Of Fear and Birthing

So I’ve been a little busy lately. Giving birth.

Birthing a doozey of a baby.

She’s been ripening like a sweet peach hanging in the sun, getting juicier and more potently colorful, day after day. After day. After day. After day.

This gal that I’m birthing is my first book.

As I find myself in this book-birthing process, I am immediately taken back to seven years ago, when my little boy was sailing in my belly and ready to make his grand entrance into the world.

Seven years ago, I–the once daredevil child, the rebellious and fearless teen, the adult who runs into billowing smoke and crackling flames, without a second thought–was terror-stricken that I was going to die giving birth to my boy. Yes, die. Leave this physical world, leave my friends and family behind, and go to whatever great-white-yonder lies beyond.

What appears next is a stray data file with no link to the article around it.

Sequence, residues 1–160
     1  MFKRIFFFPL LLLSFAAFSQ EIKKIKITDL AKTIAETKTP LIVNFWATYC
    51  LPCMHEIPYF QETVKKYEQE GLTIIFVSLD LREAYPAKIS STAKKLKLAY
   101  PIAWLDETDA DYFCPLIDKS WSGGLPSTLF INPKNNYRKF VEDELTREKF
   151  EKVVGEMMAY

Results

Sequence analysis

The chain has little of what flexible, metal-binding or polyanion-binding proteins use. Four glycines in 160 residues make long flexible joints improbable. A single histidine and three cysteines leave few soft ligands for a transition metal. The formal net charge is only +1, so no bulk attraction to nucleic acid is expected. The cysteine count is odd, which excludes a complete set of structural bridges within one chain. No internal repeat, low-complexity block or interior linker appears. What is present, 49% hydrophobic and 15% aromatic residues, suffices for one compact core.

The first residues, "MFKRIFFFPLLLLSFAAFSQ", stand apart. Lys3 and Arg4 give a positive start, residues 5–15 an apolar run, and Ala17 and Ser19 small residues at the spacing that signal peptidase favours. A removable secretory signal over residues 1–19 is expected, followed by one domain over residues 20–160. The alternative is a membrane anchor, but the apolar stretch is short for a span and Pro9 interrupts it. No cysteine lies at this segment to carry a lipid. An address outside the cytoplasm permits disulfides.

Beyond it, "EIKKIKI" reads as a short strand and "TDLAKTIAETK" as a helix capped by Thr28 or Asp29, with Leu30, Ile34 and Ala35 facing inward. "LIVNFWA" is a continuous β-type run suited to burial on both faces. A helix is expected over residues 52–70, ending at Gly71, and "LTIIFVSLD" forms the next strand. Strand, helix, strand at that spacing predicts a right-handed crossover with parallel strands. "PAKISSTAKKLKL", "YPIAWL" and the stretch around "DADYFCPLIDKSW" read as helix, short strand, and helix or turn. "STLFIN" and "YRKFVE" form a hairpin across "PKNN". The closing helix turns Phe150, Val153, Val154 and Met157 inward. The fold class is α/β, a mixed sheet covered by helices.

While I could not logically explain my fear, the feeling was most definitely real and completely un-nerving for me, to say the least. As my belly grew, so did my fear. The bourgeoning belly gave me no choice, so I began to do everything I could to address my fear.

Birth of a Boy
I read medical manuals and birthing books. I reminded myself that birthing a child was the oldest and most natural process since the beginning of time. But lots of women died way back then, my mind would sneakily counter. I chided myself, knowing I would be giving birth in the first world comforts of a modern hospital and superior medical care. My fear persisted.